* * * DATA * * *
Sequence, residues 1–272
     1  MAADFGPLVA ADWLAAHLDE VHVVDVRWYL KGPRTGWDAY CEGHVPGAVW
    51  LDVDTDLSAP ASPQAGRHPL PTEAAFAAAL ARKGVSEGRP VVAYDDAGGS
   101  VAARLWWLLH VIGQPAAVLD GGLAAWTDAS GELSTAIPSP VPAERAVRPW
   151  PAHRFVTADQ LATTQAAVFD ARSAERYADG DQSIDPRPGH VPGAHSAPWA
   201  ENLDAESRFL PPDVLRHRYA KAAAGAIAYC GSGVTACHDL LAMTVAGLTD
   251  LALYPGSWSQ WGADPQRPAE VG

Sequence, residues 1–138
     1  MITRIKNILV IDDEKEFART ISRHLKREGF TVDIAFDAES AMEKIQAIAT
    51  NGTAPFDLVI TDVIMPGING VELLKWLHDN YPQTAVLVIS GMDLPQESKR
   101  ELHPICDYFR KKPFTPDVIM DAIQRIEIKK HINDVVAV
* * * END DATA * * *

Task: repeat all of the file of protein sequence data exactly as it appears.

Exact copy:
Sequence, residues 1–272
     1  MAADFGPLVA ADWLAAHLDE VHVVDVRWYL KGPRTGWDAY CEGHVPGAVW
    51  LDVDTDLSAP ASPQAGRHPL PTEAAFAAAL ARKGVSEGRP VVAYDDAGGS
   101  VAARLWWLLH VIGQPAAVLD GGLAAWTDAS GELSTAIPSP VPAERAVRPW
   151  PAHRFVTADQ LATTQAAVFD ARSAERYADG DQSIDPRPGH VPGAHSAPWA
   201  ENLDAESRFL PPDVLRHRYA KAAAGAIAYC GSGVTACHDL LAMTVAGLTD
   251  LALYPGSWSQ WGADPQRPAE VG

Sequence, residues 1–138
     1  MITRIKNILV IDDEKEFART ISRHLKREGF TVDIAFDAES AMEKIQAIAT
    51  NGTAPFDLVI TDVIMPGING VELLKWLHDN YPQTAVLVIS GMDLPQESKR
   101  ELHPICDYFR KKPFTPDVIM DAIQRIEIKK HINDVVAV